[pullquote]In some agencies, the raises for certain staff vaulted their salaries above those of their supervisors.”[/pullquote]This selection, in what was apparently an ad hoc process that did not include input from the agencies involved, has created discrepancies and inequities for some agencies. For example, in the Department of Mental Health and Substance Abuse Services, patient care assistants received raises, but consumer recovery specialists who work alongside them did not. District Attorney investigators, agriculture investigators and forest rangers (Department of Agriculture), and fugitive apprehension agents (Department of Corrections) are among the positions that perform law enforcement functions but did not get raises. In some agencies, the raises for certain staff vaulted their salaries above those of their supervisors.

In the case of the State Health Department, which had already implemented pay raises based on a comprehensive review of agency salary structure, the legislature passed a follow-up bill to exempt it from the provisions of SB 2131. The Department of Human Services received separate funding for the Pinnacle Plan to provide raises ranging from 6.34 percent to 9.07 percent to child welfare specialists and program staff; DHS also used available funds to provide merit-based raises for all their employees not covered by SB 2131 or the Pinnacle Plan.

In addition, the legislature fell about $12 million short in what it allocated for pay raises compared to what the consultants calculated as needed for the first year of their compensation plan. As a result, nearly two in three state employees, some of whom have gone up to eight years without an increase, were left out. This includes administrative assistants, maintenance workers, engineers, budget analysts, payroll processors, attorneys, food service workers, and many others who do the work of state government. This year’s state employee pay raise also left out school teachers and other educators, who have not had a statutory pay raise since 2007, a situation that has contributed to Oklahoma teacher pay falling to 49th in the nation and to severe recruitment and retention problems.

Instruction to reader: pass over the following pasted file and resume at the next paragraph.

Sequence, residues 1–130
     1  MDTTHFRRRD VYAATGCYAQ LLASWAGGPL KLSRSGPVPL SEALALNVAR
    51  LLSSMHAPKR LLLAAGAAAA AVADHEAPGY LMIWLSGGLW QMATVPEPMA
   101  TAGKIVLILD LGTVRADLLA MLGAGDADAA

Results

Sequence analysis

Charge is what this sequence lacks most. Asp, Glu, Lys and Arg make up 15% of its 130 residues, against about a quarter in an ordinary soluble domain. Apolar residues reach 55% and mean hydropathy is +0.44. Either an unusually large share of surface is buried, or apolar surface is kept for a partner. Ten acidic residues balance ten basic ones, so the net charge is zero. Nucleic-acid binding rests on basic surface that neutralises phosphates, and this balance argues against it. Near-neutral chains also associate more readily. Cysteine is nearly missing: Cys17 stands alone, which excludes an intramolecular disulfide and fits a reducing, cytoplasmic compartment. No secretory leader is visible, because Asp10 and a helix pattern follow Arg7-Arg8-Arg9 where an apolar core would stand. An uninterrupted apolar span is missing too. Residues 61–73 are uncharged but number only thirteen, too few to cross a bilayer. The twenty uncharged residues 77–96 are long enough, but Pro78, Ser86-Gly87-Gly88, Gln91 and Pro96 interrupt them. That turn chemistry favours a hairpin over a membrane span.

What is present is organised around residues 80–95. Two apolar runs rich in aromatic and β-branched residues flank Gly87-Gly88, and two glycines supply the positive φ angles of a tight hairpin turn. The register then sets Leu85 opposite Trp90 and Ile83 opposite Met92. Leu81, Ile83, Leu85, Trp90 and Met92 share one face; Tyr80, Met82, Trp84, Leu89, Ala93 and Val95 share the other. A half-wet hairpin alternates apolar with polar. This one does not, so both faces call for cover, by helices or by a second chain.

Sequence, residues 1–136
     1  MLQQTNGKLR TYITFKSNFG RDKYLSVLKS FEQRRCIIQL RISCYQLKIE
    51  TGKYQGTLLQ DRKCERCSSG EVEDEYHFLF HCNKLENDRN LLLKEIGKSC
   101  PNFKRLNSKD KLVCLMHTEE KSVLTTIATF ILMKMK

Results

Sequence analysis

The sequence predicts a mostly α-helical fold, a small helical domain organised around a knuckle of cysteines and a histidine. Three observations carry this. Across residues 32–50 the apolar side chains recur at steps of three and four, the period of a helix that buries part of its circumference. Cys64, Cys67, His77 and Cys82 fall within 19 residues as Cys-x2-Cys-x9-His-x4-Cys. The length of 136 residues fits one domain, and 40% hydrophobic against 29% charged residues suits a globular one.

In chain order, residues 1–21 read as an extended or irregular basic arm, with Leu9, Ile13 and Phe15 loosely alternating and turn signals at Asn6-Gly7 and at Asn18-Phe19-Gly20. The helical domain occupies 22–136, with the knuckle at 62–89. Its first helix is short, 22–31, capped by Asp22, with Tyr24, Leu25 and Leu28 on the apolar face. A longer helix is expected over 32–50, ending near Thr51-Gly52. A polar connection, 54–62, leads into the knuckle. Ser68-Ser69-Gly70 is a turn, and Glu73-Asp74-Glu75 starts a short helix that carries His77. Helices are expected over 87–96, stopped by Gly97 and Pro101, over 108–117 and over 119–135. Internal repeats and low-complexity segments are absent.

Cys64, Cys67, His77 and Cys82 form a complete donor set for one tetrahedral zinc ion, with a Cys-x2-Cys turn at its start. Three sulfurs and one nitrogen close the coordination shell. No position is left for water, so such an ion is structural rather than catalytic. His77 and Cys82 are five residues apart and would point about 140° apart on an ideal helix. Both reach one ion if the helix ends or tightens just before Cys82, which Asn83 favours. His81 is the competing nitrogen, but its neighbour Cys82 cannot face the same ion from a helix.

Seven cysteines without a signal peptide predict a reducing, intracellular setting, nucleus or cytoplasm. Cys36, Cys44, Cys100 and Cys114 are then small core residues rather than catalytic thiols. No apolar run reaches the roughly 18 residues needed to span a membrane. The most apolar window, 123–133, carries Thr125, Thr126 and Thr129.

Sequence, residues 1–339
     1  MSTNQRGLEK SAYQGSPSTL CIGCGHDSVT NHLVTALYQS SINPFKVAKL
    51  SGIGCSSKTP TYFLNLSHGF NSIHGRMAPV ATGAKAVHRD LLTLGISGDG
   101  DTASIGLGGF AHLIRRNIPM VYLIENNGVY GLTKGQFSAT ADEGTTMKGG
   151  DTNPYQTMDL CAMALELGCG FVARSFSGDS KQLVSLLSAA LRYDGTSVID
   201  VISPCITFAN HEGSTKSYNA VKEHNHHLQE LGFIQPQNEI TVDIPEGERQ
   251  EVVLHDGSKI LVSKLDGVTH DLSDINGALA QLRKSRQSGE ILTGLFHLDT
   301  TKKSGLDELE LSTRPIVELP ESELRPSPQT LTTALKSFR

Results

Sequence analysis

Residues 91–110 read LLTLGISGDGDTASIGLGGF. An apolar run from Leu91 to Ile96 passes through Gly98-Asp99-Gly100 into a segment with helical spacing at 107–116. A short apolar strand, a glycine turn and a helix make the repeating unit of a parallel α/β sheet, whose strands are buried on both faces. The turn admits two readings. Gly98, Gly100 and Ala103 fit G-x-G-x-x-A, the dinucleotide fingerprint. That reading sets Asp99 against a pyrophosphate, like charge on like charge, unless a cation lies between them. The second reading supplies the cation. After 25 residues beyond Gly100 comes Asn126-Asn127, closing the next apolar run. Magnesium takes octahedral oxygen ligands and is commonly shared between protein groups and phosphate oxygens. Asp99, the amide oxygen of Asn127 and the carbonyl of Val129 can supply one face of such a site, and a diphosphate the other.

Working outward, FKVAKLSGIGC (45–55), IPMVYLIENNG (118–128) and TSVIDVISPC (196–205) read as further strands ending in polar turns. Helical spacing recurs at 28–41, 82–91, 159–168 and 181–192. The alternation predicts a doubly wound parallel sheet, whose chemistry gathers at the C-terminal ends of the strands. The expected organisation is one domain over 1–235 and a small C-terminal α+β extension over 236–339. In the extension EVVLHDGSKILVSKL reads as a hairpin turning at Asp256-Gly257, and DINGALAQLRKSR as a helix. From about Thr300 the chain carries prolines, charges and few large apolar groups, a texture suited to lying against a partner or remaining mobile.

After so many years of inaction, even a partial victory counts as a win. However, it’s only a first step towards paying all state workers a competitive salary.  

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Former Executive Director David Blatt joined OK Policy in 2008 and served as its Executive Director from 2010 to 2019. He previously served as Director of Public Policy for Community Action Project of Tulsa County and as a budget analyst for the Oklahoma State Senate. He has a Ph.D. in political science from Cornell University and a B.A. from the University of Alberta. David has been selected as Political Scientist of the Year by the Oklahoma Political Science Association, Local Social Justice Champion by the Dan Allen Center for Social Justice, and Public Citizen of the Year by the National Association of Social Workers.

One thought on “Raise your hand if you got a raise

  1. Teachers were left out again for pay raises keeping OK at 49th in the Nation but the legislature managed to give oil/gas another tax break? Why any Oklahoma teacher would vote GOP is beyond me or parents/grandparents of students who should be demanding a first class education for our students.

    Our Republican Legislature and Governor are putting wealthy oil/gas owners over our students — it is time for that to change by throwing out the Governor and her Administration who favor charter schools as we saw when she played up to Former FL Governor Jeb Bush on charter schools. ALEC who owns the Republican dominated legislature do not have the best interest of all Oklahomans at heart. First time I heard of ALEC was when GOP State Legislature members started going to their conventions and bragging about in back 2004/2006.

    Time to elect people who are willing to tell ALEC NO!!! Why does our legislature listen to lobbyist who write the bills instead of writing their own with help from the legal staff? All you have to do is look at other states and see the same bills which are anti-regular people while favoring wealthy donors and what they want. Is ALEC along with the Chamber of Commerce and oil/gas more important with demands then the rest of us. Sure looks that way as Republicans have turned their backs on regular people in Oklahoma to cater to special interests.

    Teachers need to stand up and be counted by makinig sure everyone of them gets out to vote and help us oust the GOP from having total power in this state. Thanks to the Gov and GOP dominated legislature, I switched parties last week — cannot stay a member of a party where ALEC’s Koch Agenda is more important then well being of most Oklahomans.